Christ says, “Beware of those who will harm you by their teaching. Beware of those who look and act and sound outwardly acceptable.” In other words, be careful of who you listen to. The Word of salvation is far too important to receive from any random source.

Today there are many who claim to be teachers and preachers and explainers of God’s Word. You see them on YouTube or TV. You might read their latest books, listen to their podcasts, or come across their articles on the web. As Jesus says, they look presentable: their smiling face is on the back cover of the book, they’re wearing nice clothes, and they say they just want to tell us God’s will.

We’ve probably never had better access to a huge range of Christian teachers and preachers. And this can be a very good thing. There’s a wealth of solid instruction that is freely available to anyone who looks. And we shouldn’t rush to judgment about these sources. Don’t shut them down just because you found them through Google.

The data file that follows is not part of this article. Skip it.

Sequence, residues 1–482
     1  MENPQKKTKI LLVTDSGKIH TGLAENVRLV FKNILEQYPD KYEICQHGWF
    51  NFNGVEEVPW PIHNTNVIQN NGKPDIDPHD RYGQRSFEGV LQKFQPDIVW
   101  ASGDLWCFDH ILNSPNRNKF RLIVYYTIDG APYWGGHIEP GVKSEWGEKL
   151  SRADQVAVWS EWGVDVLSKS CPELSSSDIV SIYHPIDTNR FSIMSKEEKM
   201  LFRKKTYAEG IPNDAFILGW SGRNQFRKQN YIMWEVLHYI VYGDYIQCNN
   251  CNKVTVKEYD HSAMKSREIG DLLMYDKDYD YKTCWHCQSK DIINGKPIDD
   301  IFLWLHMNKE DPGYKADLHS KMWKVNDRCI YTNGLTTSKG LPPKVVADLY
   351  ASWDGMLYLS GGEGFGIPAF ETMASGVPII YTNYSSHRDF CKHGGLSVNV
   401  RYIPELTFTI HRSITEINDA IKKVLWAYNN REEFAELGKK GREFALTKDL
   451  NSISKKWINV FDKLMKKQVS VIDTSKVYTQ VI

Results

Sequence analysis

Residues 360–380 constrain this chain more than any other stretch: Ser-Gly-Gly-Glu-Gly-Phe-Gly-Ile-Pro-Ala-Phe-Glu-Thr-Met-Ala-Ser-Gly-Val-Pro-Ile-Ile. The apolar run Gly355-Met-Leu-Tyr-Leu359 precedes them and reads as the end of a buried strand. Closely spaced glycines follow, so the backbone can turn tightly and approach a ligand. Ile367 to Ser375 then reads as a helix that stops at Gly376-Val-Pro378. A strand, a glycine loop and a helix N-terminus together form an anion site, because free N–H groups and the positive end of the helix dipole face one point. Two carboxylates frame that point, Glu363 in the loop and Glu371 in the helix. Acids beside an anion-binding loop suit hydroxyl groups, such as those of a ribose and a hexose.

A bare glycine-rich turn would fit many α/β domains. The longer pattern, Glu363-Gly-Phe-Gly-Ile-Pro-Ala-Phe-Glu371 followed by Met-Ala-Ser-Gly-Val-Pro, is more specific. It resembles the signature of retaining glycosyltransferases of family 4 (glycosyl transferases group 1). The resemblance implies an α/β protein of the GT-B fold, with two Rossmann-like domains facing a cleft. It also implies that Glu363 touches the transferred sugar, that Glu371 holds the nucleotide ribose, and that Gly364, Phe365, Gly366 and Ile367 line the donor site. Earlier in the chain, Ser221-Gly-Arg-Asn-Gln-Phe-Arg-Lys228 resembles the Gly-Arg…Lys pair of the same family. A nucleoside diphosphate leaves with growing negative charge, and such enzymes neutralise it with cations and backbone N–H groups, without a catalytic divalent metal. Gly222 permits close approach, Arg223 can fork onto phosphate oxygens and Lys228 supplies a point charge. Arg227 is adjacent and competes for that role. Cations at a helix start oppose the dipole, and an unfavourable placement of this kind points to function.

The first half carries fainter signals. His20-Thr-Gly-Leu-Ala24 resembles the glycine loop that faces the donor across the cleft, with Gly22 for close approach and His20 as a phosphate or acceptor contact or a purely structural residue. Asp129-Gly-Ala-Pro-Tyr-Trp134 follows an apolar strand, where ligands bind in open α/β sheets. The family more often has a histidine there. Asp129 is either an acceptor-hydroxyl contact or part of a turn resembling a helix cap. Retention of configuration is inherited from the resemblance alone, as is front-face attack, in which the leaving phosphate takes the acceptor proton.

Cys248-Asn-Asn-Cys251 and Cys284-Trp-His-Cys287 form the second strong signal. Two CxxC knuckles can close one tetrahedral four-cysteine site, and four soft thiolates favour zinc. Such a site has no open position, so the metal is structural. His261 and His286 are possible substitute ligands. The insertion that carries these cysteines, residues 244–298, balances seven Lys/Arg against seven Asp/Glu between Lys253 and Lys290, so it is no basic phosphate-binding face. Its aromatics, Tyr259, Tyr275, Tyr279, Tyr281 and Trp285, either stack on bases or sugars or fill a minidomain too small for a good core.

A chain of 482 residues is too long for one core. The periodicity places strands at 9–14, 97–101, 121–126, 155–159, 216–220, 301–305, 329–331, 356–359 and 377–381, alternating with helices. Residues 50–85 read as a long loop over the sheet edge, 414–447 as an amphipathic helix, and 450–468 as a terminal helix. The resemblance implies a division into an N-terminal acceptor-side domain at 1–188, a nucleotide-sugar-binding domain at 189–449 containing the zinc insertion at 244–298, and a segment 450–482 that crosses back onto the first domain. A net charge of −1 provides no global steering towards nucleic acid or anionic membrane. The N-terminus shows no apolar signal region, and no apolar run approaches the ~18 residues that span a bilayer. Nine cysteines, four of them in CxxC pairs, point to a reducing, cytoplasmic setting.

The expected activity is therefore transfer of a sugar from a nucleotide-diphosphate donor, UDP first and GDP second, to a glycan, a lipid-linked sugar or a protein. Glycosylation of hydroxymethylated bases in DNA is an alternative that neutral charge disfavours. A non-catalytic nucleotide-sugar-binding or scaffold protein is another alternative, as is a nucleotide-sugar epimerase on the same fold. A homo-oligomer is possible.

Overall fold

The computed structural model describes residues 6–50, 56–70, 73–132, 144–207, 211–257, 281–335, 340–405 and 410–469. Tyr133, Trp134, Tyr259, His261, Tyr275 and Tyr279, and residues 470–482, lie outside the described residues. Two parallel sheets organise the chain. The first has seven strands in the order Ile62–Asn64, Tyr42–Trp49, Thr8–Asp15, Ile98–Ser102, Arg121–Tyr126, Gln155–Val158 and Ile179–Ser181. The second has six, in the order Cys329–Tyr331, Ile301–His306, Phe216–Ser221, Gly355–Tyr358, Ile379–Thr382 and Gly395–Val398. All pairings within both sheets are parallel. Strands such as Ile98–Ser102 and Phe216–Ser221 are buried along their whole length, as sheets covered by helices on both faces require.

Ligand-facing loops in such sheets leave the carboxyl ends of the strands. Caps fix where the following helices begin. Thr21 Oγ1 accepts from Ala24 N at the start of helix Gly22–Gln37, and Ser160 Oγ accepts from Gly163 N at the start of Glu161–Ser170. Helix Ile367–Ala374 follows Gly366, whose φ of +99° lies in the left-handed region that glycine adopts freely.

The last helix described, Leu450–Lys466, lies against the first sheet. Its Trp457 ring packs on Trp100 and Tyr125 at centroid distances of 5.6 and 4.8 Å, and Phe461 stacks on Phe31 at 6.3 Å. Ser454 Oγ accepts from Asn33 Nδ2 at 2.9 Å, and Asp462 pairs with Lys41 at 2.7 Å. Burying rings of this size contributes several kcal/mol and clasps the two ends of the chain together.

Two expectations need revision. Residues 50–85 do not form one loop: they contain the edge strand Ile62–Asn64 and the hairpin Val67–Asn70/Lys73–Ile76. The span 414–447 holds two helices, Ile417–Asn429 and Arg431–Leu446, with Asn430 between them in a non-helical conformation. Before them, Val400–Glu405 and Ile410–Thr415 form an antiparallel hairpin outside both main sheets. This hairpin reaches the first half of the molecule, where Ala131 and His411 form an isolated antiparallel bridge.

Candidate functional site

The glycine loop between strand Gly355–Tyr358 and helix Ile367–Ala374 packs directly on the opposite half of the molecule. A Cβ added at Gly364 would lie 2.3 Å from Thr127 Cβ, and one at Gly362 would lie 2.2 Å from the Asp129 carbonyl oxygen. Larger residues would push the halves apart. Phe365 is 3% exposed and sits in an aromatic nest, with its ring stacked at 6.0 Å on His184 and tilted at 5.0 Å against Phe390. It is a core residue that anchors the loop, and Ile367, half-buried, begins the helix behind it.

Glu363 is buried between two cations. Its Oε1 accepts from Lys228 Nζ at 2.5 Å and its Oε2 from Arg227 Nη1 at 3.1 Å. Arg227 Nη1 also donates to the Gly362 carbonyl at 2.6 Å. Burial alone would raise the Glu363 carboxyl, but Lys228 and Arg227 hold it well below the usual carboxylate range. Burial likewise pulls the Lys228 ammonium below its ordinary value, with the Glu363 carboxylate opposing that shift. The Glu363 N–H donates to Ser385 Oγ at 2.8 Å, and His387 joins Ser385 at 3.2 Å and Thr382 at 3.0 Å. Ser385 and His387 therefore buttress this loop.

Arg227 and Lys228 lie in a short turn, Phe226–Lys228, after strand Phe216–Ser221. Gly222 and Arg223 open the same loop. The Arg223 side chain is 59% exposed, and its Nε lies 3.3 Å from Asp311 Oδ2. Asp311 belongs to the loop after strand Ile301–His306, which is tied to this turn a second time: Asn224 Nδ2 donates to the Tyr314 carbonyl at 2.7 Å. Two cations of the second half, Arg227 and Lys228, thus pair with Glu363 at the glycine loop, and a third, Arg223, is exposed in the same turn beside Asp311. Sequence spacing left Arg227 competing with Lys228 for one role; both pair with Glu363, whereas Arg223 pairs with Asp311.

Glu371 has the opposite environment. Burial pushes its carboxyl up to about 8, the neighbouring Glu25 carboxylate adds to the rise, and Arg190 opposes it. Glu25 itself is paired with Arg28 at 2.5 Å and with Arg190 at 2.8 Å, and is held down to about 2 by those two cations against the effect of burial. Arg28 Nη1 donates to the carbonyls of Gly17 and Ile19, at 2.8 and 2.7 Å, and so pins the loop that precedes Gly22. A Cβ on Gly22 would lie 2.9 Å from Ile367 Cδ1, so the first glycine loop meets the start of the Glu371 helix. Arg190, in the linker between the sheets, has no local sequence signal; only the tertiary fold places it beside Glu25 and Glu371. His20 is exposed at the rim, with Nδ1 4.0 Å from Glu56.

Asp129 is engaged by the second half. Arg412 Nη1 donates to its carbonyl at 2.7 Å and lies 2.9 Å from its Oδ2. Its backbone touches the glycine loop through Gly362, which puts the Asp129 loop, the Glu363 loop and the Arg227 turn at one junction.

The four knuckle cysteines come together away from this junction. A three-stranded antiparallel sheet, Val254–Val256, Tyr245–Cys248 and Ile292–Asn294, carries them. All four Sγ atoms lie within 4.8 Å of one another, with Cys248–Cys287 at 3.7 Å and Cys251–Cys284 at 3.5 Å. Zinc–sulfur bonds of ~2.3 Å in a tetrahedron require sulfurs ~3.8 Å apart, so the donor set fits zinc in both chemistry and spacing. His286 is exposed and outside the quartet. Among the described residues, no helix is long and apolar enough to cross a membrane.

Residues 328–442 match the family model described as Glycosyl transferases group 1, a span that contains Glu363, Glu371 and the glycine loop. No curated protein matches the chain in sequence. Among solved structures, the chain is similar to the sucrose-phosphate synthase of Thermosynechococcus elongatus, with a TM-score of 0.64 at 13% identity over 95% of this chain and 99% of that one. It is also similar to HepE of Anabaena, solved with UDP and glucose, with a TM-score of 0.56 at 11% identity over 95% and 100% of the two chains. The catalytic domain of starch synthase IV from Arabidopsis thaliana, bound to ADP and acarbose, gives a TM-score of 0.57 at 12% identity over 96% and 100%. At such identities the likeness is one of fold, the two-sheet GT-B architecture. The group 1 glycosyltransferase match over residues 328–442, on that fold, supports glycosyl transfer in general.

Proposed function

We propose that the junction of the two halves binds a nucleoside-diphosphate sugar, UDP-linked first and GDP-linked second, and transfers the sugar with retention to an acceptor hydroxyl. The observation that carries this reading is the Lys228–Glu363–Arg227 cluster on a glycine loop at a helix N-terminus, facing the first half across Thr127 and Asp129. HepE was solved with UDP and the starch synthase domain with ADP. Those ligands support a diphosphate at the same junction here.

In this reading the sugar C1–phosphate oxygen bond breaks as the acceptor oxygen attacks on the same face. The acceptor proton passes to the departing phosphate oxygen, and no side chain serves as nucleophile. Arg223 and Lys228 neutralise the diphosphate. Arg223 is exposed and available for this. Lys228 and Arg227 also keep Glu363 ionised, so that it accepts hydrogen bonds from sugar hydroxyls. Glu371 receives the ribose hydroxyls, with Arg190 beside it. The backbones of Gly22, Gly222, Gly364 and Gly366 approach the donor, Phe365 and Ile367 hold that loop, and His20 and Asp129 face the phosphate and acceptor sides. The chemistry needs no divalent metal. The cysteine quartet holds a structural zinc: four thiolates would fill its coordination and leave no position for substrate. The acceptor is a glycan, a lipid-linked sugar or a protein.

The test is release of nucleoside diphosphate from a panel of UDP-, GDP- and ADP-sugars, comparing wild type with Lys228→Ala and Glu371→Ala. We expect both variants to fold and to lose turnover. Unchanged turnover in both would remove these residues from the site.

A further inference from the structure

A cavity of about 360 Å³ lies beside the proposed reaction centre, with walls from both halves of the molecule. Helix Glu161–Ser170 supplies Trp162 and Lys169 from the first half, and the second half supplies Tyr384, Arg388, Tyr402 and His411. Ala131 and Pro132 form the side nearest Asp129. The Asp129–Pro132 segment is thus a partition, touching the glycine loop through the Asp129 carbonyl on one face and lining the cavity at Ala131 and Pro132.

But Jesus reminds us that they do all require testing, a careful sifting of whatever is said. Think about the Scriptures that back it up. Have a look at how it compares to the Reformed confessions. And this is always the case: whatever sermon we hear (even this one), or whatever author we read, and even whatever song we listen to on Spotify, we should be careful to uphold the doctrine of Scripture. Because we love God, we love his teaching!

The danger comes when we grow careless about doctrine, fuzzy around the edges. Now, after years of instruction, our young people have a solid knowledge of the truth. They’ve gone through the Catechism a couple times, the Canons of Dort, the Belgic Confession. But all this good knowledge can quickly fade. And why? Because after profession of faith, we might stop studying those key doctrines of the Bible. And the sharpness of our knowledge slowly gets blunted, and we lose a bit of our grip on it. But God calls us to contend for the faith, to hold fast to the true doctrine, and to beware of false prophets.